AstraZeneca Plc and the University of Oxford have resumed the British clinical trials of its Covid-19 vaccine, after the initial suspension over concerns with a participant who fell ill.
University of Oxford, in a statement, said that the UK regulator, Medicines Health Regulatory Authority (MHRA), had recommended a restart of the trials, after an independent review of the safety data triggered a pause on September 6.
It revealed some 18,000 people have received ‘study vaccines’ as part of the trials, but declined to disclose any details about the participant’s illness, for confidentiality reasons.
AstraZeneca Plc said, “The UK committee has concluded its investigations and recommended to the MHRA that trials in the UK are safe to resume.”
The statements from both AstraZeneca Plc and the University of Oxford did not make any disclosure about the status of tests outside the UK.
Although, the temporary halt was common in vaccine trials, interruption of the closely monitored AstraZeneca and Oxford collaboration, had raised concerns about the viability of the vaccine to tame the coronavirus pandemic.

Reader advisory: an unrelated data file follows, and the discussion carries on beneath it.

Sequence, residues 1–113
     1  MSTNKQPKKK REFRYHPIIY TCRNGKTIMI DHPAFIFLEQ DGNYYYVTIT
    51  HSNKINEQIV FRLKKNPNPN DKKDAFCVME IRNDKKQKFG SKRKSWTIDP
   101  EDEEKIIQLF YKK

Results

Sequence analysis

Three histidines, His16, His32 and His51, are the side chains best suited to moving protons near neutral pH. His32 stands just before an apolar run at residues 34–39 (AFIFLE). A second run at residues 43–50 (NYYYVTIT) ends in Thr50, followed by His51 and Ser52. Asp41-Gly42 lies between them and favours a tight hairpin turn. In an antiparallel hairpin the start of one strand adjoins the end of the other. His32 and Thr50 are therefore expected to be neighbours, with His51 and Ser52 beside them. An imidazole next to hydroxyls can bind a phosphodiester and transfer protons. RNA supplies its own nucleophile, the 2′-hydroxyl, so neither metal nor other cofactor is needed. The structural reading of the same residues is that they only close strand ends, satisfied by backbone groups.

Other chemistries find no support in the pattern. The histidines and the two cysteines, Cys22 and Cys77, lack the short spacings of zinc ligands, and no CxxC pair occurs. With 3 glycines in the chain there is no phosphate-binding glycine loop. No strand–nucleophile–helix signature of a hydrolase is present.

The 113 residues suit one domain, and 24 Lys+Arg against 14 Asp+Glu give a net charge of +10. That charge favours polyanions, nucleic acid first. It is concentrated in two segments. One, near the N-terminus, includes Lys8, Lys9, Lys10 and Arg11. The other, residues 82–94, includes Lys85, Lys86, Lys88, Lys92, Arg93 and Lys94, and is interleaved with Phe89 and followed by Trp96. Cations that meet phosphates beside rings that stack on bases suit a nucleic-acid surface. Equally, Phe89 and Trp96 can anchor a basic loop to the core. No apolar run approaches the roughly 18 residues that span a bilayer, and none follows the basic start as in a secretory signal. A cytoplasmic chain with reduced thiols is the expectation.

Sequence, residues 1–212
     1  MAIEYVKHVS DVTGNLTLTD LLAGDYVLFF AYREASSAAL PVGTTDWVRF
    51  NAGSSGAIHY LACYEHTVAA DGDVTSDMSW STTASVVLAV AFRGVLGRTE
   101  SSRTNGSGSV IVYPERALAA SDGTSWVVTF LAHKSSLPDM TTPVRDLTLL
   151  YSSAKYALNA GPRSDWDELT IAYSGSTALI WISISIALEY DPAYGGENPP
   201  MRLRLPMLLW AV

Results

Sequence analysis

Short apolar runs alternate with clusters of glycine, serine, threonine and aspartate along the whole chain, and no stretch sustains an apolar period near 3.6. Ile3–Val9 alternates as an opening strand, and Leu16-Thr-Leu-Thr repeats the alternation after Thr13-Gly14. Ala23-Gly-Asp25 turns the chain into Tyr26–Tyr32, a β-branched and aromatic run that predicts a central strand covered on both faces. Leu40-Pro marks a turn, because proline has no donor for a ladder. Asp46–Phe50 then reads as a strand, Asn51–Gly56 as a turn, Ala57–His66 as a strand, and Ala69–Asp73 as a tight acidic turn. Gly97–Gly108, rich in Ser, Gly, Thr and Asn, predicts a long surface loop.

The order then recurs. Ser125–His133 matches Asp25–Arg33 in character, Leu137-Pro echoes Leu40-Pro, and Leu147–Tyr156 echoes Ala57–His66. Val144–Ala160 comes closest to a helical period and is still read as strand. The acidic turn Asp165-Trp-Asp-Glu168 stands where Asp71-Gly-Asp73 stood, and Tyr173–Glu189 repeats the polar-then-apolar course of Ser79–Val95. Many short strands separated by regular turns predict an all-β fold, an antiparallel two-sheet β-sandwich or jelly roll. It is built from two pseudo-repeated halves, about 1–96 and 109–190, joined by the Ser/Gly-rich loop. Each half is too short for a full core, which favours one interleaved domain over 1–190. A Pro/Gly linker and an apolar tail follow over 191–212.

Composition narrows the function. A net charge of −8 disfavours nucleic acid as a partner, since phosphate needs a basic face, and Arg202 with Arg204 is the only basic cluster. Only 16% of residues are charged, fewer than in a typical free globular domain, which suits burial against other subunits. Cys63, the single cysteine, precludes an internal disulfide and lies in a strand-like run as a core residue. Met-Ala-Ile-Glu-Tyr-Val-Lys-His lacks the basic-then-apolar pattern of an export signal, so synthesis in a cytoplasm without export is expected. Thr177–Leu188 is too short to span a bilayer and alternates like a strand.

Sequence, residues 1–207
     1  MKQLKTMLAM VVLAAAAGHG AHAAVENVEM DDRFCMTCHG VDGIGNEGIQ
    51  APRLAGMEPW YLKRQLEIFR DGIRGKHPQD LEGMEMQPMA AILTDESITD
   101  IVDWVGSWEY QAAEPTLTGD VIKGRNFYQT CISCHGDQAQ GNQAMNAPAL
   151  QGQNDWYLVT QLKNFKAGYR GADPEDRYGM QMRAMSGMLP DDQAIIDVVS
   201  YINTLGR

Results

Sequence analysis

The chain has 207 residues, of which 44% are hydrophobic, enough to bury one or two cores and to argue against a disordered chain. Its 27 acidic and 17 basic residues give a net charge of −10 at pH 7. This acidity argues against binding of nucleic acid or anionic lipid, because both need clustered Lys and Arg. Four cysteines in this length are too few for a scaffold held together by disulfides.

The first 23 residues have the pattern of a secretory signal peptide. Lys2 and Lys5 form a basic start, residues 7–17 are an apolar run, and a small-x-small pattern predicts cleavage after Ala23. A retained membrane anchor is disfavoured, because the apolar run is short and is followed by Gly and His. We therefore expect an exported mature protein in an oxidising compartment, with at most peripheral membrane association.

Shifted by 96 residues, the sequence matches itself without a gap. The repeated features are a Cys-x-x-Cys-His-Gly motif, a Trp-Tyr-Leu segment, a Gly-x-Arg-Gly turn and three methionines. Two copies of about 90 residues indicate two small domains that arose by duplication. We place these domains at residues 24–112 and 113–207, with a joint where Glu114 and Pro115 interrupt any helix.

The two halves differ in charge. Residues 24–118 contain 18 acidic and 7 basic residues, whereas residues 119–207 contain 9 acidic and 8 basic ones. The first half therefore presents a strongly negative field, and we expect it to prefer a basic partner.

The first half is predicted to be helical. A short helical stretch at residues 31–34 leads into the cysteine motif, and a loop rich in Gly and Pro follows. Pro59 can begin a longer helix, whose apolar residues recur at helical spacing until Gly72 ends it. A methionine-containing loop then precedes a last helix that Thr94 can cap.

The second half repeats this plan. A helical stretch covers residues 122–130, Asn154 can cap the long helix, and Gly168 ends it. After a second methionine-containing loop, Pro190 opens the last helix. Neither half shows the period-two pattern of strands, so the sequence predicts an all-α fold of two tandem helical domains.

The CEO of AstraZeneca, Pascal Soriot, disclosed on Thursday, that an independent safety review board was reviewing whether the participant’s illness had been caused by the vaccine or was unrelated.
“We cannot disclose medical information about the illness for reasons of participant confidentiality. We are committed to the safety of our participants, the highest standards of conduct in our studies, and will continue to monitor safety closely,” he said.
The World Health Organization (WHO), which has described the AstraZeneca vaccine as the most promising of all vaccine developments against the Covid-19 pandemic, said that the halt in the final stage trials should serve as a wake-up call, that there would be ups and downs in the development of a vaccine for the virus.